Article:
6 Reading Strategies to Improve Reading Comprehension
Reading comprehension is perhaps the most important skill your student will ever learn. And it’s not easy. At first, the struggle to read individual words is an almost painful experience—your student must concentrate so hard to identify each letter and its correct sound. It might take several seconds to read just one word. Thankfully, with practice, reading gets easier, but improving reading comprehension involves so much more than just learning to pronounce an individual word correctly. We want students to understand the message of the words on the page. That’s why teaching reading comprehension strategies is so important.
What causes reading comprehension problems?
There are several reasons why a student may struggle with reading comprehension. Weak decoding skills (the ability to put together phonetic sounds to read an individual word) will certainly affect reading comprehension. Students will also struggle if they have poor vocabularies and don’t know what individual words mean. Students may also have reading comprehension problems if they have learning disabilities such as dyslexia, vision problems, or hearing loss.
Reading comprehension strategies
If your student is struggling with reading comprehension, don’t despair. Having a struggling student does not mean that you are a failure as a teacher or parent. And thankfully, there are several strategies that you can use to help your student develop reading comprehension skills.
1. Teach students to use context clues to read and understand unfamiliar words.
Students who are just learning how to read often come across words they have never read before. We should encourage them to “read” the illustrations and the surrounding words to see if they can guess the unfamiliar word. Often they will be able to figure it out, but even if they don’t, they have practised the valuable skill of using context clues to figure out what an unfamiliar word might mean.
Encourage the development of this skill in every grade level. Whenever you introduce students to new vocabulary words, use those vocabulary words in context sentences and see if your students can formulate a definition of the word based on the context.
2. Provide students with necessary background information before reading a text.
Sometimes students need some background information to understand what they are reading. Younger readers may need concrete examples of some of the things they are reading about. For example, in Reading 1, students read a story about an elk. My daughter knew that an elk was an animal, but she had never seen one before, so we watched a short informational video about elk before reading that selection.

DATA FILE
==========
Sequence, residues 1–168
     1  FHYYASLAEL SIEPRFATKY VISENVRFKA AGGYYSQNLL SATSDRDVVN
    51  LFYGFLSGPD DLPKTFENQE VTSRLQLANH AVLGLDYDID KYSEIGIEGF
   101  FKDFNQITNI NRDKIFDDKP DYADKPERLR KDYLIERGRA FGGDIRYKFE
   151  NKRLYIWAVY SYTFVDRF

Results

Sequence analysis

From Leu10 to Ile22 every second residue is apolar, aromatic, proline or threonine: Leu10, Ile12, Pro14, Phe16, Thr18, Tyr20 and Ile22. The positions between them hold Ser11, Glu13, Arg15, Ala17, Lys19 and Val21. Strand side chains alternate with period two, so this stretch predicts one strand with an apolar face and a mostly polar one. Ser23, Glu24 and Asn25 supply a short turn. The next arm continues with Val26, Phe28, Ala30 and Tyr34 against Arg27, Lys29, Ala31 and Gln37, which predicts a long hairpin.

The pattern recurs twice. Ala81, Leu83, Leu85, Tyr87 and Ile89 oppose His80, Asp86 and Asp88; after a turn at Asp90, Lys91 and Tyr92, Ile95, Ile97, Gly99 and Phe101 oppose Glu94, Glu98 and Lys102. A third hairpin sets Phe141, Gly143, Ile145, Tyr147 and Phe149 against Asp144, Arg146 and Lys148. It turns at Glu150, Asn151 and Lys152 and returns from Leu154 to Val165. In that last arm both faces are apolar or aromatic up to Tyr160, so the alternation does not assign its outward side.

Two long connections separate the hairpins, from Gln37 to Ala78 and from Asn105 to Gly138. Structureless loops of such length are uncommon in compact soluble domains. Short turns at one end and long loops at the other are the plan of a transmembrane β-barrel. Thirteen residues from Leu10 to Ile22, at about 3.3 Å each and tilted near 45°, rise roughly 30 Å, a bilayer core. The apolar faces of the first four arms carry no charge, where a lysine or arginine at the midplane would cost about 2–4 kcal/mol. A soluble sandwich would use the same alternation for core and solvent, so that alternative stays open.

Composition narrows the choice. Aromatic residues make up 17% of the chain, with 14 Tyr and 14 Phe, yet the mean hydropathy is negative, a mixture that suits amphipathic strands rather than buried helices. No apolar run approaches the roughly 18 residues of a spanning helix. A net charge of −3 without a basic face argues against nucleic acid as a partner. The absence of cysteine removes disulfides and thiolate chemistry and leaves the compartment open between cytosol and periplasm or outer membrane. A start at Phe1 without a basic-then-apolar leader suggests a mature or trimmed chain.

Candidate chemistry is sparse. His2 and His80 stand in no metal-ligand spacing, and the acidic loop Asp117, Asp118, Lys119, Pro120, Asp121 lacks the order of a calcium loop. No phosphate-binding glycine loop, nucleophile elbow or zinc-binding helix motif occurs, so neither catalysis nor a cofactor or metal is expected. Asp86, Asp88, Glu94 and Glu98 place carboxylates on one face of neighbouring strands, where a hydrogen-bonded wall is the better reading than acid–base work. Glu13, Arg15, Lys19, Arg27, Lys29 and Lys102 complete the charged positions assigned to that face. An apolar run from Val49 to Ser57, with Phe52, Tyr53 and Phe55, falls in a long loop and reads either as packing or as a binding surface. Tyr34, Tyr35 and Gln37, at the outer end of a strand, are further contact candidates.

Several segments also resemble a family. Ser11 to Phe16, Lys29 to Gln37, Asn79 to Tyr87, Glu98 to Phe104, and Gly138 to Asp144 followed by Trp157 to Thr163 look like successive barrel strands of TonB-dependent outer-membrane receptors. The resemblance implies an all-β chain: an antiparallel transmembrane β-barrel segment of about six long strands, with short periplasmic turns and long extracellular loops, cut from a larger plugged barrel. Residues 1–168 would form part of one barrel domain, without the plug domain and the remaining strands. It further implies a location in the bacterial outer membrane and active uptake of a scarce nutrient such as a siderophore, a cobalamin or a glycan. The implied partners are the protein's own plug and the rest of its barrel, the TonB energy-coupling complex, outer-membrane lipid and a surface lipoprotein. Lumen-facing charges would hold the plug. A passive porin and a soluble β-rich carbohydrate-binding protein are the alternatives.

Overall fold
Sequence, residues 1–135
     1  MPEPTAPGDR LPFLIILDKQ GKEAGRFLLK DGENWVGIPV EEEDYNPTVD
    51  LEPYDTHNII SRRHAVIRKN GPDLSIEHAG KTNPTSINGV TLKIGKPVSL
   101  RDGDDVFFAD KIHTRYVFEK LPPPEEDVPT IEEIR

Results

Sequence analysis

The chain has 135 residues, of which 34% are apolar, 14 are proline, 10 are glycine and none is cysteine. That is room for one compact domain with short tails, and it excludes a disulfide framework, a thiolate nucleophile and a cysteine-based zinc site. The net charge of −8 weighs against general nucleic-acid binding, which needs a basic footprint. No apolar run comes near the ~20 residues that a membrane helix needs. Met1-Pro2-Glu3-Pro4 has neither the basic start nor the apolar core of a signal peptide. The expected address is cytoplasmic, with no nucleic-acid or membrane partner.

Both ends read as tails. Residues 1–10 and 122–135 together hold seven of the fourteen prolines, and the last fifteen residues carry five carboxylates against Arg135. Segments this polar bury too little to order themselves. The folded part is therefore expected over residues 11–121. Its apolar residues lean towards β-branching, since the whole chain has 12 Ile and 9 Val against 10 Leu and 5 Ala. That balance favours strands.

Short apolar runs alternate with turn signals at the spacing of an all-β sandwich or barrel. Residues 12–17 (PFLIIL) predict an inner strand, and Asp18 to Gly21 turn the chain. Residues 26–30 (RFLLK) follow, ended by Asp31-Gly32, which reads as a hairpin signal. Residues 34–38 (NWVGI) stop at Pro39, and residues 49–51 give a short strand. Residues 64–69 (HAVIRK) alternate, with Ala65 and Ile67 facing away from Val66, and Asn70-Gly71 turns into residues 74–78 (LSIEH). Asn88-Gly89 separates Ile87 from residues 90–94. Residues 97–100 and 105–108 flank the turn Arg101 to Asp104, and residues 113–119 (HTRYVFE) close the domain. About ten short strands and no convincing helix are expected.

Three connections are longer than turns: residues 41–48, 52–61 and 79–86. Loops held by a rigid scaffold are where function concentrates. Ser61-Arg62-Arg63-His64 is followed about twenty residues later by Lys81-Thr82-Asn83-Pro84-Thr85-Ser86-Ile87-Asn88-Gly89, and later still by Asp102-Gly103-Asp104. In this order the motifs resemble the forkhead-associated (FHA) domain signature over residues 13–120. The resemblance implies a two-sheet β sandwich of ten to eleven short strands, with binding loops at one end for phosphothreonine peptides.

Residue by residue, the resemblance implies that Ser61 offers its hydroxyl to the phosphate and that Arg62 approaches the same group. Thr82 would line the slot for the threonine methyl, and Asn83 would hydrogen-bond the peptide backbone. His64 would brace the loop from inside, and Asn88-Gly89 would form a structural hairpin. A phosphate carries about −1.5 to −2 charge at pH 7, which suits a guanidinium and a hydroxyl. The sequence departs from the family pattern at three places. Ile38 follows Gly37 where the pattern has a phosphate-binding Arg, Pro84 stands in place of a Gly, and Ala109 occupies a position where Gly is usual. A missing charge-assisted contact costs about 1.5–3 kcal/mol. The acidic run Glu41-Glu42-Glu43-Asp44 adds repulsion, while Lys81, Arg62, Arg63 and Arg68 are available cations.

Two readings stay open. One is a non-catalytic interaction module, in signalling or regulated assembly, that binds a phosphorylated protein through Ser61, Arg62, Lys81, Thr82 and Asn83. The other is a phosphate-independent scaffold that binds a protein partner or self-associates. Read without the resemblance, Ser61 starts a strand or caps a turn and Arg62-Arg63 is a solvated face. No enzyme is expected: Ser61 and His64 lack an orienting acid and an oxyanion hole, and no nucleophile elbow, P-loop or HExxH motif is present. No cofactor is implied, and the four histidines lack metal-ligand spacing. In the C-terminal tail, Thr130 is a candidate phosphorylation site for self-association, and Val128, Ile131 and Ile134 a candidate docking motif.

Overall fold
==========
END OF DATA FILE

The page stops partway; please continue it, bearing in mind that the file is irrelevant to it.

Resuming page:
3. Give students a purpose for reading.
It often helps struggling students to have specific information to look for while they are reading. For example, in Reading 2, students read the historical fiction book Hill of Fire. Every few pages, the teacher should ask the students to look for specific information, directing them to “read to find out what happens when the farmer and his son plough the field” or “read to find out what the people in the village do because of the dangerous volcano.”
4. Allow students to read silently for comprehension before asking them to read orally.
When students read orally, they are often so focused on pronouncing individual words correctly that they miss the meaning of those words. Allowing them to read silently first will give them an opportunity to focus on meaning and will allow them to read orally with better fluency and more understanding.
5. Have students make predictions as they read.
It’s important to encourage students to make predictions as they read because it encourages them to pay attention to clues such as chapter titles, headers, illustrations, etc. and think about what they might read about next. Because the students are interacting with the text as they make and revise their predictions, they will be more engaged and more likely to understand what they are reading.
6. Teach students how to use organizational strategies.
A lot of students can benefit from learning how to use graphic organizers while they read. Some particularly helpful ones include
- KWL chart—these help students think about what they already know about a topic, formulate questions to answer while they read, and give them a space to record what they learned.
- Venn diagrams and T-charts—can help students compare and contrast.
- Timelines—these help students keep track of the chronology of events.
- Word webs—these help students organize story details such as the characteristics of a particular character or a setting.